From David Bowie to Prince and Leonard Cohen, extinction has cast a long shadow over “the worlds” of dad and rock-and-roll. But, as more pioneers reach a certain age, its something well have get used to
Trying to predict how history will judge an epoch in pop is a famously tough call. Nostalgia twistings and distorts what actually happened. Stuff that seemed enormously important then isnt always what seems important years on: virtuosoes get forgotten, strikes vanish from remembering, emphasis is subtly shifted to reflect precede changes in preferences or to fit a wider narrative that wasnt apparent at the time. Even so, it seems a reasonably safe bet to say that where individuals look back on 2016, they are able to think about death.
Death was the years big breakout star. The maps were full of it: posthumous punches suffocated up the Top 40; the success of the years most unexpected No 1 album Viola Beachs eponymous introduction was down to the band and their directors deaths in a automobile accident five months previously. No meticulously schemed stealth secrete, with its carefully raised breeze of astound and obscured wallop year, was as surprising as David Bowie or Princes death. Decembers traditional dad floor about the race for the Christmas number one was wholly overshadowed by the death of George Michael. It was what people talked about: more column inches were filled, more treats given over, more social media berths posted and blogs blogged about pa adepts succumbing than about those who lived, even Beyonc or Kanye West.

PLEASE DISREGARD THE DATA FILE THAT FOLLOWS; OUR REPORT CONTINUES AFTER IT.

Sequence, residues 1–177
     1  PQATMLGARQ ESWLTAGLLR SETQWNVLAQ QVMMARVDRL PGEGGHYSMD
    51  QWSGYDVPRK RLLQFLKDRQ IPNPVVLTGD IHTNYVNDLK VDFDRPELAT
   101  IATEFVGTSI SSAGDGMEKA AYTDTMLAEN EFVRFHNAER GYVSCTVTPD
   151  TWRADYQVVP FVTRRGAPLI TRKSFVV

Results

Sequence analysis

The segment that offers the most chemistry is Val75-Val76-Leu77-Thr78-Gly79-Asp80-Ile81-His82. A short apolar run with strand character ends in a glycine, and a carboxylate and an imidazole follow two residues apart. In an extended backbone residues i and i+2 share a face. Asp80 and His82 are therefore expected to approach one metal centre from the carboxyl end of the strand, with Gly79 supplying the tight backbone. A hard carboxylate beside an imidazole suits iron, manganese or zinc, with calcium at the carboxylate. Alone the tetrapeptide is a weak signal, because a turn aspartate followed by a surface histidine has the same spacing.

There were clauses publicly mourning dead papa virtuosoes and articles examining the nature of publicly mourning dead pop aces that posited speculations that people were grieving not for the stars themselves or even for what they represented, but for their own lost youth, transfixed by Starman on Top Of The Pops or snogging to Careless Whisper at a local disco or if they were too young to recollect the late idols glory epoches firsthand for a mythic, imaginary, perfect popping past they never knew: the bizarre ensue of rock music obsession with its own history over the past 25 years.